A new DCIO Insights report from Neuberger Berman argues the current system of workplace defined contribution (DC) savings via payroll deductions protected by the Employee Retirement Income Security Act (ERISA) has sufficient power and flexibility to address the critical challenges ahead—especially if lawmakers can step up and make a few easy-but-necessary fixes.
Michael Barry, president of the Neuberger Berman plan advisory services group, and Michelle Rappa, head of defined contribution marketing, penned the report. They suggest leaders in Congress and across private industry have expressed the clear need to provide more support to workers hoping to do the responsible thing and save for retirement. Both groups, business leaders and lawmakers, naturally have an interest in promoting workers’ financial wellness and in protecting peoples’ future financial independence.
And so, the current moment seems like the natural environment for meaningful retirement-focused reform that could help the DC system function even better, the experts write, for example by creating new safe harbors to encourage employers to offer structured retirement income products under the protective umbrella of ERISA. Or lawmakers could create space for the establishment of non-nexus multiple employer plans (MEPs) that would allow otherwise unrelated small businesses to pool their resources when first establishing tax-advantaged DC savings and investing options for employees.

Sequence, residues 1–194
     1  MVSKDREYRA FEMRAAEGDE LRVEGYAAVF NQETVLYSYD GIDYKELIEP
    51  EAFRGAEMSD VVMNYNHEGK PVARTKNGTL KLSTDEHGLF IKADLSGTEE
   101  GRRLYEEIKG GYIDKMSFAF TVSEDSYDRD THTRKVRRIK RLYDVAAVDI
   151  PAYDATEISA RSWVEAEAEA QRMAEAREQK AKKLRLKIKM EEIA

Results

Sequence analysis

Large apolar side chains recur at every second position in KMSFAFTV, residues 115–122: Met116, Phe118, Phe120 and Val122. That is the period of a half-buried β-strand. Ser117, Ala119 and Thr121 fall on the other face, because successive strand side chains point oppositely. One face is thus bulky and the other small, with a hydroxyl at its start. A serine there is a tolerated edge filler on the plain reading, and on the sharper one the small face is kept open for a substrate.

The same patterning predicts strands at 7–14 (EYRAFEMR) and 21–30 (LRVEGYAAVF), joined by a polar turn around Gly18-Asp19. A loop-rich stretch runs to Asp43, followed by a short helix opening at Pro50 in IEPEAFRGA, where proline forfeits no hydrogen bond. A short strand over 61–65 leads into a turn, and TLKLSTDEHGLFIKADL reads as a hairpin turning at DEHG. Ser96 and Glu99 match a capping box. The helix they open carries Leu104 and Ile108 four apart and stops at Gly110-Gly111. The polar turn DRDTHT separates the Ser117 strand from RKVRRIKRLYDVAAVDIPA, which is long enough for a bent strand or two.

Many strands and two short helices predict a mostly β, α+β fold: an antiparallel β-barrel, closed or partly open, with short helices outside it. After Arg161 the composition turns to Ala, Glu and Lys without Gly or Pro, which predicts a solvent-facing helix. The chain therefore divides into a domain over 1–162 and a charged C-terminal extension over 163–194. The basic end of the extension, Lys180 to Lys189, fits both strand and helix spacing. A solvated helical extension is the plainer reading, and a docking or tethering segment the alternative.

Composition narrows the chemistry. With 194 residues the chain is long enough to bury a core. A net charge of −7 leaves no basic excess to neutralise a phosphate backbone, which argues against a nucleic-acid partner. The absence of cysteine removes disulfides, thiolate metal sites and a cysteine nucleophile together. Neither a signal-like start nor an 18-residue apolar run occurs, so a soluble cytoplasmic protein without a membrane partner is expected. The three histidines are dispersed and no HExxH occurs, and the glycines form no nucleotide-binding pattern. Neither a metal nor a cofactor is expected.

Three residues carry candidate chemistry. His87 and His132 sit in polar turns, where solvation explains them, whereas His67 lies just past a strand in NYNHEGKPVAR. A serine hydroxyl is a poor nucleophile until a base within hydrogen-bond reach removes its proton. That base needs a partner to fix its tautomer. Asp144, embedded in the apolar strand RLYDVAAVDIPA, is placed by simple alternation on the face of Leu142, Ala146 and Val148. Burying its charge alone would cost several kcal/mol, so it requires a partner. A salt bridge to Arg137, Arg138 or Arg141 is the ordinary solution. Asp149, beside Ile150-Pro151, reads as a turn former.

These are all ideas that have been kicked around recently by Congress, Barry and Rappa observe, and both enjoy support from both sides of the aisle. Yet the proposals are far from a slam dunk: Given the tumultuous political environment it is very difficult to assess the short-term prospects even for these popular initiatives, the experts warn.
“As we see it, our current DC system presents three fundamental policy challenges,” the pair writes. “1) Getting adequate contributions into the system by providing workplace, auto-enrollment retirement savings vehicles to all American workers that default to an adequate contribution rate. 2) Investing those contributions efficiently by encouraging (again, through defaults) appropriate asset allocation decisions and reducing the cost of investment. 3) Distributing DC benefits in a way that adequately allows for longevity risk (the risk that a participant might outlive his/her retirement savings).”
That last policy challenge is perhaps the most difficult to achieve, Barry and Rappa predict. “Unlike traditional annuity-based defined benefit plans, where participants can see what their expected monthly distributions in retirement will be, DC plans are total account-based—meaning that participants see only the full amount of their 401(k) account balance on their statements. Consequently, policymakers, providers and sponsors have had difficulty getting DC participants to think of their account balances in terms of periodic retirement income distributions and to make appropriate decisions on that basis.”
NEXT: Retirement policy and federal revenue
Barry and Rappa note that much of the retirement policy discussion and legislation in recent Congresses—including interest rate stabilization relief and increases in Pension Benefit Guaranty Corporation (PBGC) premiums for single-employer defined benefit plans—has been driven by a need to raise tax revenues for unrelated spending.